A week ago today, my friend and I were getting ready to leave the city. We had just enough time to visit the New York Public Library. I collect children’s books, so the special exhibit – “The ABC of It: Why Children’s Books Matter” going on through September 7 was right up my alley.
One alcove contained an exhibit of banned books:
You just never know what irreparable harm books like Where the Wild Things Are and Everyone Poops could do to young, impressionable minds!
This is Garth Williams’ book The Rabbits’ Wedding, published in 1958:
It caused an uproar, because it was seen as an endorsement of interracial marriage. Alabama Senator E. O. Biggins said, “This book and many others should be taken off the shelves and burned.”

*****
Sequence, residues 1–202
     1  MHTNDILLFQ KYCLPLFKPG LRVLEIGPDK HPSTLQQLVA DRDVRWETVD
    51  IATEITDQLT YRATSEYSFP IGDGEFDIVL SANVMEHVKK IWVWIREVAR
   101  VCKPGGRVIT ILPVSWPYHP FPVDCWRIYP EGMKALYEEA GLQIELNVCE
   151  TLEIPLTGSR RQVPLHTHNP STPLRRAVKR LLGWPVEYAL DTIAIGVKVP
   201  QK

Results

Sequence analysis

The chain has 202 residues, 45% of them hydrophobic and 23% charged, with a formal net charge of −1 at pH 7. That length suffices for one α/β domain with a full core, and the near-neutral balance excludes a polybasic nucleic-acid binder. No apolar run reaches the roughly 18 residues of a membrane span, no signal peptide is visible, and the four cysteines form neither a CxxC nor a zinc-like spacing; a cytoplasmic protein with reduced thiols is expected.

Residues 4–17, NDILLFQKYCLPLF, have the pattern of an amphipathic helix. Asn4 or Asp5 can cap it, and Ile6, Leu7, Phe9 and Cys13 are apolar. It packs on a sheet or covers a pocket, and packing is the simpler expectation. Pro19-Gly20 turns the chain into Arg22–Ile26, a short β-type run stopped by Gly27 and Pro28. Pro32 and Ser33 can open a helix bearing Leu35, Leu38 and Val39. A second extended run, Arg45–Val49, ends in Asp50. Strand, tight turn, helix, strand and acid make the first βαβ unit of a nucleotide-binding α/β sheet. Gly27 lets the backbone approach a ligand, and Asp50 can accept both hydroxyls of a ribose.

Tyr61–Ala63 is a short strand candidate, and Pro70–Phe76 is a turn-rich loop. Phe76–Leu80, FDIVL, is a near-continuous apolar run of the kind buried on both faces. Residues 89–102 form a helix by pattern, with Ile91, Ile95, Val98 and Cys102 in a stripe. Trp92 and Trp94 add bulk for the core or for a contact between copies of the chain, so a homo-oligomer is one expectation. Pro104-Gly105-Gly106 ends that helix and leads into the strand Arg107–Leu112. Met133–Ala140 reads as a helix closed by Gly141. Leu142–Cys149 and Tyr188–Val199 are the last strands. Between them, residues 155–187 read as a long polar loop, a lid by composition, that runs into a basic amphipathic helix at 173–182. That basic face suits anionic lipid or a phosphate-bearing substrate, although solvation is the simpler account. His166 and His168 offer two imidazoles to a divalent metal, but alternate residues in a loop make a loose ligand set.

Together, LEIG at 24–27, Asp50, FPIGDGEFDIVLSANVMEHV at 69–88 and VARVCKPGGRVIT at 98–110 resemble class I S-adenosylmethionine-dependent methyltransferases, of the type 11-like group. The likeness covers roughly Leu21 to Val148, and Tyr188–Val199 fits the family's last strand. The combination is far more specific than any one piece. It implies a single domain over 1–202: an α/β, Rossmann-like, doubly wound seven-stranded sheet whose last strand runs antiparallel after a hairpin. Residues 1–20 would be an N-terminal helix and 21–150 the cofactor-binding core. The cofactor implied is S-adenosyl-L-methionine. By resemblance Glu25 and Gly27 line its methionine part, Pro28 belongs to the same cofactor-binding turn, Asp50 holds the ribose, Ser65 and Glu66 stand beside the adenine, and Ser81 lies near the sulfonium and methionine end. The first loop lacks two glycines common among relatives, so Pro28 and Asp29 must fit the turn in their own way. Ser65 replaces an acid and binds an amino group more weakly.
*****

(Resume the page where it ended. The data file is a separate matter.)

I like Garth Williams’ delightfully snarky response:
“I was completely unaware that animals with white fur, such as white polar bears and white dogs and white rabbits, were considered blood relations of white beings. I was only aware that a white horse next to a black horse looks very picturesque.”
Alabama State Library Agency director and civil rights activist Emily Wheelock Reed went to battle with Eddins. (Librarians rule)! In the end the book was not banned, but placed on “special reserve shelves.”
We went upstairs to admire the library’s magnificent Beaux-Arts architecture and design.
Behind the library is Bryant Park – a jewel in the heart of midtown.
We had lunch at Wichcraft, conveniently located at one corner of the park, and savored our last few moments in Manhattan: